Wide bifolds and extensive glazing enhance the connection between indoor and outdoor living.

 

If I hadn’t been told it was called the Blurred House I might have named it the TARDIS House, in reference to a container that seems impossibly large on the inside. Bild have transformed and added a second storey but stayed within the existing ground floor footprint. With masterful internal surgery, the result is a ground level with a better connection to the outside, the same number of bedrooms except they’re larger and have more storage, a more spacious main bathroom, and enough space for the new stairwell. The upper level is designed to be an autonomous wing for the clients’ son when he grows to teenagehood, with its own bedroom, bathroom and mezzanine lounge with cantilevered balcony.

The house had been renovated some 15 years earlier but the planning was awkward. According to Milbourne, “The clients found themselves using the front rooms.” It already had double doors opening on to the pool deck from an open kitchen/dining/lounge, and the new plan keeps this relationship, although wider bifolds now improve the connection. More importantly a new pathway to the side door was created, leading to a laundry/bathroom space rather than directly to the living area. For Milbourne, “it’s the best pool in the area. In summer it’s packed with neighbourhood kids.” Wet children can now change in the laundry, take a shower and dry off before entering the house.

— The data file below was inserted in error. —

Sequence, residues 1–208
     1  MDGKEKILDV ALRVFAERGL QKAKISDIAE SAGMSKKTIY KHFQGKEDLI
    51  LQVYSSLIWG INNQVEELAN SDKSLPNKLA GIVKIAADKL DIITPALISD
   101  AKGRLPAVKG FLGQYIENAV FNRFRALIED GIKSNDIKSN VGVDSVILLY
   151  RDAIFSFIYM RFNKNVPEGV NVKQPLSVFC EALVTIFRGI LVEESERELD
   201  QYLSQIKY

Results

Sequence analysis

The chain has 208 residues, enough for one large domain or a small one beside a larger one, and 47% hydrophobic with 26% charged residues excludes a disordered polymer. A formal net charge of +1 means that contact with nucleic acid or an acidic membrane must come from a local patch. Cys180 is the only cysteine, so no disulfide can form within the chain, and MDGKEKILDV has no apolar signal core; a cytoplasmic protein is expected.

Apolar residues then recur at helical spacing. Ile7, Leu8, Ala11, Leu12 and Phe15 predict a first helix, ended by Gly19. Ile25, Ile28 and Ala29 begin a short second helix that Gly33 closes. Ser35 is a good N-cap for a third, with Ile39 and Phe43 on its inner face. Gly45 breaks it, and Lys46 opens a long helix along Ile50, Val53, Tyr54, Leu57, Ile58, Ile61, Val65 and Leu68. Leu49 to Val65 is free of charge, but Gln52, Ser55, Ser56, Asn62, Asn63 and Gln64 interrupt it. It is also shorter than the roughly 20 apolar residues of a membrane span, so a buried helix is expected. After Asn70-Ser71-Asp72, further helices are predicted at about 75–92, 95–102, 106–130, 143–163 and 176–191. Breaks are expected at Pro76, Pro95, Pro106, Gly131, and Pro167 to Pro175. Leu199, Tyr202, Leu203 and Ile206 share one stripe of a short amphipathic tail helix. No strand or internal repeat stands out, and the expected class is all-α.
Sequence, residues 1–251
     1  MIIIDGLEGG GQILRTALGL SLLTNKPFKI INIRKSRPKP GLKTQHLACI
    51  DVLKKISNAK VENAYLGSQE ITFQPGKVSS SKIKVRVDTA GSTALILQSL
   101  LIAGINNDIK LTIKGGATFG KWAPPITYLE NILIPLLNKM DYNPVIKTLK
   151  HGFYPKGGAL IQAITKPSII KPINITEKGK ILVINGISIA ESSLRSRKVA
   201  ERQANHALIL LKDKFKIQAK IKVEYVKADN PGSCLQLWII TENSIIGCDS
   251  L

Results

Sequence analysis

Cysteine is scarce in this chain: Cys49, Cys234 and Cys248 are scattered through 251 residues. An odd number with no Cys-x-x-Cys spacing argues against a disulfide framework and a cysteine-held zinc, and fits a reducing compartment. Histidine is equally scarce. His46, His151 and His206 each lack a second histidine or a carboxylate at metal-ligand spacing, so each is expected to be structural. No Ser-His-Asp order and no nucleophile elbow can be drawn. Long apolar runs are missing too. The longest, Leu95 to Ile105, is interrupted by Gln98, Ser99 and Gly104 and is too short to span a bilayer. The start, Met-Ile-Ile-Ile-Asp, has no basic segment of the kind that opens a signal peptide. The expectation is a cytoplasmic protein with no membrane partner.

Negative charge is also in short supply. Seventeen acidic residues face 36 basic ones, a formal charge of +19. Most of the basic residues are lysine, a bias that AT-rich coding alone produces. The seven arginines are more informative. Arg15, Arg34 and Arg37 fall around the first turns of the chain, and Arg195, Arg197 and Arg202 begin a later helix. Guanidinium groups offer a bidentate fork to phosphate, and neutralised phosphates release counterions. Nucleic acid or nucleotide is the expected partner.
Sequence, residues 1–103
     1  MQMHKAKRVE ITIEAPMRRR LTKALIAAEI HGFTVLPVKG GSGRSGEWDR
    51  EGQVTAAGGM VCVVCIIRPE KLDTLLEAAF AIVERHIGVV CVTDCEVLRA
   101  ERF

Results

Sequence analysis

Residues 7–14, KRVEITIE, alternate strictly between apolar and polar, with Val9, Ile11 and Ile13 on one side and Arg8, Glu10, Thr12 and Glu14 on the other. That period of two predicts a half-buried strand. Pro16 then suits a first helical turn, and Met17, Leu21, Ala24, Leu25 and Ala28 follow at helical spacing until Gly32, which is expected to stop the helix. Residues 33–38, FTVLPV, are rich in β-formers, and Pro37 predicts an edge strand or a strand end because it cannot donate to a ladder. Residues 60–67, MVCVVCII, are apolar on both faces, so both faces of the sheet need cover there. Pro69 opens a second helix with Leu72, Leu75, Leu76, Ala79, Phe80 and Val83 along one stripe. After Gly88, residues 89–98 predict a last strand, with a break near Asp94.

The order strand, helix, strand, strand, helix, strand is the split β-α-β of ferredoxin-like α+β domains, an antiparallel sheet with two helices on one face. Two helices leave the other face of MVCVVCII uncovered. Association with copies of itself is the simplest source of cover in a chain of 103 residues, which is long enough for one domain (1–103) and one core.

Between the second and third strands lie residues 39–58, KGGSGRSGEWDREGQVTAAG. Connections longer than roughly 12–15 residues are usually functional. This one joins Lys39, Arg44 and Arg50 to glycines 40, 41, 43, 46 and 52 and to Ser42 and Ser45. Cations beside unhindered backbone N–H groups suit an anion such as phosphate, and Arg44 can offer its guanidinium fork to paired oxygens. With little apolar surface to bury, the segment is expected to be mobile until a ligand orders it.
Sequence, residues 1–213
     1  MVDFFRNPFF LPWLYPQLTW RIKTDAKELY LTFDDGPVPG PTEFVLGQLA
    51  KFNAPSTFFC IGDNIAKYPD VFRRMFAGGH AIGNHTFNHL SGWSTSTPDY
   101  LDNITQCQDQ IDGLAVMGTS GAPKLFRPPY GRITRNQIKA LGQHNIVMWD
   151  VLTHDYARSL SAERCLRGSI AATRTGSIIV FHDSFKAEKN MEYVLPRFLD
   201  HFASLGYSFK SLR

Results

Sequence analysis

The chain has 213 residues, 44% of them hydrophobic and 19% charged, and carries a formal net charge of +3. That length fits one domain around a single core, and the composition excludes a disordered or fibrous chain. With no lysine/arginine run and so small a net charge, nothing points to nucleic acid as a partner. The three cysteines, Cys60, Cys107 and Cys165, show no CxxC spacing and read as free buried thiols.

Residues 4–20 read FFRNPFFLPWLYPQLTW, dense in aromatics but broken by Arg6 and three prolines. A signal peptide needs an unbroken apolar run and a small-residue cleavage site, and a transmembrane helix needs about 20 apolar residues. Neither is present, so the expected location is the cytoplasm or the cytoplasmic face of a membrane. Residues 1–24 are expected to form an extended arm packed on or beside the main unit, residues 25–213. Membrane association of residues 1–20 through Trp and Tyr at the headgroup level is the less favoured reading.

The upper level, an autonomous wing, features its own mezzanine lounge.

 

Where once the circulation path from the front entry meandered around to the back, Bild have removed the obstacle of a window- less central bathroom and rationalised the corridor into a gun barrel. An open-tread stair allows views of the backyard from the front door. “Storage was a big priority,” says Milbourne. By turning the middle bedroom of a row of three into a shared en suite, it increased the size of the other two bedrooms by removing the need for wardrobes. Instead they are built into the en suite space, with a single internal partition curving through the middle of the en suite to loosely demarcate three zones. What’s it like having a shower in a big room rather than a little glass box? “It’s amazing. Absolutely brilliant. I really liked it,” reports Milbourne, who got to live in the house for two weeks while the clients were away.

The loft area.

 

There was no heritage restriction insisting the front of the house be kept unsullied, and the Blurred House is perhaps proof that architects don’t need the planning code to protect neighbourhood character. They do, however, need great clients. “It’s incredibly rewarding doing small projects,” says Milbourne. “With the bigger projects you’re very divorced from the end user.”

And how do the clients feel about the master planner’s first small commission? “They seem really happy with the way this one’s turned out. Which is always nice.”

www.bild.com.au

ADR features Bild’s Blurred House in “Changes on the home front: Australia’s evolving front yard,” have a read here.